The American Automobile Association’s (AAA) latest survey of attitudes to autonomous vehicles has shown that US drivers overwhelmingly want auto makers to improve the performance of existing driver support features rather than develop self-driving cars.
The organization notes that this desire is backed by another round of AAA testing that revealed that inconsistent performance remains a problem with available driving assistance systems, resulting in crashes with a car and a cyclist. The failures occurred regardless of vehicle make and model. It is the third time AAA has studied the performance of these systems and the organization is urging auto makers to listen to consumers and improve what is currently available before focusing on future technology.
“You can’t sell consumers on the future if they don’t trust the present,” said Greg Brannon, director of automotive engineering at AAA. “And drivers tell us they expect their current driving assistance technology to perform safely all the time. But unfortunately, our testing demonstrates spotty performance is the norm rather than the exception.”
Consumers surveyed told AAA they are more interested in improved vehicle safety systems (77%) versus self-driving cars (18%). But new testing, the third round by the AAA’s automotive engineering team in the last few years, found that vehicles with active driving assistance systems (also known as Level 2 systems as defined by SAE) failed to consistently avoid crashes with another car or bicycle during 15 test runs. A bicyclist dummy and a foam car similar to a small hatchback were used for this testing.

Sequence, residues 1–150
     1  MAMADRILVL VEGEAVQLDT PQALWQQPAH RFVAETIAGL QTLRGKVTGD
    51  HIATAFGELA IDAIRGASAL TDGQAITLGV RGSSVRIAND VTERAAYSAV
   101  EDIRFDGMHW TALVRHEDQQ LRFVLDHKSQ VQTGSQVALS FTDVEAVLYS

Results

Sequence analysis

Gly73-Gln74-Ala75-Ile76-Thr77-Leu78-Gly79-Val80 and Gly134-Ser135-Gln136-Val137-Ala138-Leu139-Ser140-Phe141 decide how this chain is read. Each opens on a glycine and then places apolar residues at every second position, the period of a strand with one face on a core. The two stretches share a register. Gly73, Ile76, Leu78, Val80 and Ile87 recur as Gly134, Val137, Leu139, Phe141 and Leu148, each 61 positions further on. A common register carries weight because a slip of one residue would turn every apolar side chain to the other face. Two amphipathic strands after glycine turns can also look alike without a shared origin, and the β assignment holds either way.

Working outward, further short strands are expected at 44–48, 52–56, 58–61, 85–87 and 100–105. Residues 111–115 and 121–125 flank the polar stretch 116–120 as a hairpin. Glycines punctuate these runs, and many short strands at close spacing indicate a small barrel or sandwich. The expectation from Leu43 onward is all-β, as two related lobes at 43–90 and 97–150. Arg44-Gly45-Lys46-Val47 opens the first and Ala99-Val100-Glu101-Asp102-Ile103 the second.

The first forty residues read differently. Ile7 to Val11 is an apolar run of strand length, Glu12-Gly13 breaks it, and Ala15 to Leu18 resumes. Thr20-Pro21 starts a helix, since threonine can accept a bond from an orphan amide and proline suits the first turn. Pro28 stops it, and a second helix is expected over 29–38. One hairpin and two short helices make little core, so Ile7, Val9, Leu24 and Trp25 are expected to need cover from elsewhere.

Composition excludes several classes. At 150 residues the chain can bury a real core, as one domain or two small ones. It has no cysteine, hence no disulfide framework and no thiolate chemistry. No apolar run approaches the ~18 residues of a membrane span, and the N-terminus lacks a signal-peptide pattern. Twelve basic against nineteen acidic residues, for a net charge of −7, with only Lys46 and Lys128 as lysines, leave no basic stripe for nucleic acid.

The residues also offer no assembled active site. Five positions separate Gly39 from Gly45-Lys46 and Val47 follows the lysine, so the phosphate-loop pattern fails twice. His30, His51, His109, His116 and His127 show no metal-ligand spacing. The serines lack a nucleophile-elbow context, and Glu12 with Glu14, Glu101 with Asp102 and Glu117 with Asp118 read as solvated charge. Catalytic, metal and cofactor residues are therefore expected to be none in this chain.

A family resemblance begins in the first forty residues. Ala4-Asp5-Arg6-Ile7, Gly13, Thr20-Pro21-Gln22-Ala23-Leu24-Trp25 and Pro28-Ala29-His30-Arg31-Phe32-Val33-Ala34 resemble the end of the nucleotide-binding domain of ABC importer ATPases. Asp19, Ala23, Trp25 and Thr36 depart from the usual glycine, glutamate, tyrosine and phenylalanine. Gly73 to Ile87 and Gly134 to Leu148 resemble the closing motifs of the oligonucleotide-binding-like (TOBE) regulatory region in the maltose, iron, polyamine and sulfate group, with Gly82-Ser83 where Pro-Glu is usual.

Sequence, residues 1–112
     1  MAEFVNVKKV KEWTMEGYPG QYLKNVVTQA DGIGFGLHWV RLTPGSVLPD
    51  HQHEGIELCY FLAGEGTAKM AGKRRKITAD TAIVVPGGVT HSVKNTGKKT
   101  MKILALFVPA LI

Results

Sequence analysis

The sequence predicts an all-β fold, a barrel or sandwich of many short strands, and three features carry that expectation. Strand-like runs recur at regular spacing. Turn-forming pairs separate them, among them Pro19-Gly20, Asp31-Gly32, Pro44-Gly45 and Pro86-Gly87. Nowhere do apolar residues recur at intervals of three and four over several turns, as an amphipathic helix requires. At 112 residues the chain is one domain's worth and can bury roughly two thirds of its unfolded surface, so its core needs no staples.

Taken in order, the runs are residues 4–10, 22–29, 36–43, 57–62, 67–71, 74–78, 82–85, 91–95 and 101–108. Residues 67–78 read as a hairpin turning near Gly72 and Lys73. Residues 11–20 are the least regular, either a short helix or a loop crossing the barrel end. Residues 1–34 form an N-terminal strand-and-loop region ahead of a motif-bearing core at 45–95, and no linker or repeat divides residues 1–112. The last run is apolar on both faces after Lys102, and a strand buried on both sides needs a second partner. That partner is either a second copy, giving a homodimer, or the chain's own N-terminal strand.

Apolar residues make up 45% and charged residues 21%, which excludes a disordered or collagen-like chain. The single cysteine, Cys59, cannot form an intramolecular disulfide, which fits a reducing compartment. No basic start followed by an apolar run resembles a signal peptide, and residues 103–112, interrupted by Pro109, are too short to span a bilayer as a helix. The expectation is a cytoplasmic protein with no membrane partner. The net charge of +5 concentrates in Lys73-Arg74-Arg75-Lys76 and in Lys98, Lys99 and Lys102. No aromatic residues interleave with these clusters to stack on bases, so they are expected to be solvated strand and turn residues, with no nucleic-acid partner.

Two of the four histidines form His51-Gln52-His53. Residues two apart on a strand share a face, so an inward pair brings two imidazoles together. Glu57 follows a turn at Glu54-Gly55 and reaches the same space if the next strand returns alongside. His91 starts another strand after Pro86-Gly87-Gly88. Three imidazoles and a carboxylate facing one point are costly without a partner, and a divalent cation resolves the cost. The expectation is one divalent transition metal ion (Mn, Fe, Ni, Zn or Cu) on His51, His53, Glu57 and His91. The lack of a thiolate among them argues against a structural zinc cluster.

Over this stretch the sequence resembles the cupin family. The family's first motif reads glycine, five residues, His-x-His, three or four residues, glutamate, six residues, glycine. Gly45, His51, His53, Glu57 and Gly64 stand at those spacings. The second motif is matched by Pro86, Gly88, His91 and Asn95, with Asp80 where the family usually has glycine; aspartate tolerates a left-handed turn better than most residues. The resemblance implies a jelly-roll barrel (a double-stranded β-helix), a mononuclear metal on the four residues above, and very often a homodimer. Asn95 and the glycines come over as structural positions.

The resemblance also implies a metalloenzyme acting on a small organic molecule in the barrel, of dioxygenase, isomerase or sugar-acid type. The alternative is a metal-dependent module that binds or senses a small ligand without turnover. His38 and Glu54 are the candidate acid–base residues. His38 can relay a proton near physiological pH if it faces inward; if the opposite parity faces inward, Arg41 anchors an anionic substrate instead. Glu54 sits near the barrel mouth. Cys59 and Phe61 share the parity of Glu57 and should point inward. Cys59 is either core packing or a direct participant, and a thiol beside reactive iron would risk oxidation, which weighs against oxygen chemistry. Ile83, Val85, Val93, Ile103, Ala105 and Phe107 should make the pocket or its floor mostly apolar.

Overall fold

The research vehicles performed as expected during the closed-course testing for routine situations, such as approaching a slow-moving vehicle or bicyclist from behind. However, all test vehicles collided with either the simulated passenger car or the adult cyclist multiple times during ‘edge-case’ testing, like a car approaching head-on or a bicyclist crossing directly in front of the test car. This reinforces recent AAA research calling for direct driver monitoring systems with camera-based technology to be integrated into active driving assistance systems.
“While it may be encouraging that these driving systems successfully spotted slow-moving cars and bicyclists in the same lane, the failure to spot a crossing bike rider or an oncoming vehicle is alarming,” added Brannon. “A head-on crash is the deadliest kind, and these systems should be optimized for the situations where they can help the most.”
Since 2016, AAA has surveyed consumers about driving assistance systems and self-driving cars to track sentiment regarding emerging vehicle technology. Key survey findings demonstrate that while consumer interest in driving assistance vehicle technology remains steady, there is more interest in familiar features that consumers perceive to be designed for their safety, such as automatic emergency braking.
Meanwhile, consumer distrust of fully self-driving vehicles remains high. AAA found that 85% are fearful or unsure of self-driving technology, a level that has remained steady for the past several years. When transporting their children or loved ones, 85% also said they would not be comfortable with using a self-driving vehicle. The data also revealed a troubling belief in commercially available self-driving cars, with 12% incorrectly thinking they could buy such a vehicle and 53% being unsure if they could.
Closed-course testing was undertaken at AAA Northern California, Nevada, and Utah’s GoMentum Station proving ground in Concord, California. Using a defined set of criteria, AAA selected the following vehicles for testing: 2021 Subaru Forester with ‘EyeSight’, 2021 Hyundai Santa Fe with ‘Highway Driving Assist’ and a 2020 Tesla Model 3 with ‘Autopilot’. The vehicles were sourced from the manufacturer or specialty rental fleets.